student teachers’ placement
experiences (8 w)
b) ESL student teachers’ collectively
produced and annotated resources (2
sem)
Theories, tools, tasks & teachers
Two empirical cases
3. praksiser
Theories, tools, tasks & teachers
Findings from Case #1:
• The group struggled to make sense of contradictory
information beyond their current understanding.
• The use of some artifacts (props for dramatization, web-based
material with affective content, etc.) threatened to replace
the original object (making sense of the senseless) and
become a parasitic object. Other artifacts (websites, search
engines, presentation tools) proved to be conducive to
knowledge advancement.
• The teacher exercised only a subtle presence, leaving major
decisions and final representations of the object to the
learners.
• The group, through negotiations and exploration, expanded
their understanding of the object, but they failed to share it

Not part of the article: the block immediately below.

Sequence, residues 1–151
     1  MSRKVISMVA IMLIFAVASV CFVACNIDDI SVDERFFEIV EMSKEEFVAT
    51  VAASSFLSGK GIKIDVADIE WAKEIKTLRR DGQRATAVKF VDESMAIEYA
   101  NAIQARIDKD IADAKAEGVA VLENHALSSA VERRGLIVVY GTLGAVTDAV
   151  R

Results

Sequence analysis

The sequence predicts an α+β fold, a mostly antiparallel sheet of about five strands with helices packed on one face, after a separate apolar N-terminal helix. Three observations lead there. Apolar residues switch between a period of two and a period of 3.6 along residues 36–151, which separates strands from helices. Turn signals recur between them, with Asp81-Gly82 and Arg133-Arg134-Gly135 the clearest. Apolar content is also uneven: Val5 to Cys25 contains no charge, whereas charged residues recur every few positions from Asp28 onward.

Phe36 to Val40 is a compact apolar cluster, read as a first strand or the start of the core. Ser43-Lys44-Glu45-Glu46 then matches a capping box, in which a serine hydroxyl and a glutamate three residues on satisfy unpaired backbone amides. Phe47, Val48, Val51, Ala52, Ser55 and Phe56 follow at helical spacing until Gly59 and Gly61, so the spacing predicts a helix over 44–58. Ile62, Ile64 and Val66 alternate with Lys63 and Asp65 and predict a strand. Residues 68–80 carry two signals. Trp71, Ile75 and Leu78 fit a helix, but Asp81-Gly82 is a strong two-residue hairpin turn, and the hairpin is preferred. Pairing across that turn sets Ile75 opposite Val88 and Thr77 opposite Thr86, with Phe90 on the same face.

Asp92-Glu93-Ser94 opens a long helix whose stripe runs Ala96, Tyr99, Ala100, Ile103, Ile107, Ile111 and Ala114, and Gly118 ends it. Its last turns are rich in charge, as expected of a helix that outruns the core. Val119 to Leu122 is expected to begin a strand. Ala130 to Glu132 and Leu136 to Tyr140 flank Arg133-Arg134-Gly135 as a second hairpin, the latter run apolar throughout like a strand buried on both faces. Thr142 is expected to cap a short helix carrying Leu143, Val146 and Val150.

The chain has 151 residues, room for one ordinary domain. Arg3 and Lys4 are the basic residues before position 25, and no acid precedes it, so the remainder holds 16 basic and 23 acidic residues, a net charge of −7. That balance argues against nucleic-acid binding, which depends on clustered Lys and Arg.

with their classmates.
Findings from Case #2:
• The ”closed task universe” (strong relationship between task
and textbook, individual orientation) challenged by the “open
task universe” (invites exploration, negotiation, and largescale collaboration, appears fragmented and even unreliable)
• Individual and collective epistemologies - a radical shift
• Mismatch between learners’ assignments and tasks and the
available cultural tools
• Need for assessment features in the wiki so that individual
contributions as well as their relevance to the collective
product are accounted for
• Teachers experience difficulties of establishing a presence in a
wiki. Established expertise in class management is challenged
or suspended
Learners’ voices:
• I like this because it is a win/win situation. To help
others and get help back is nice. Co-operating is very
important in our daily lives and our future jobs!
• I like this because we so easily can compare and share
information on what we know and what we do not
know about the American way of living
• We never worked alone, and many helped me with my
work
• It doesn’t matter if it is yours or others. This way it is
possible for people to argue and discuss
• Because then I don’t have to be afraid of making a
mistake ‘cause there will always be someone there to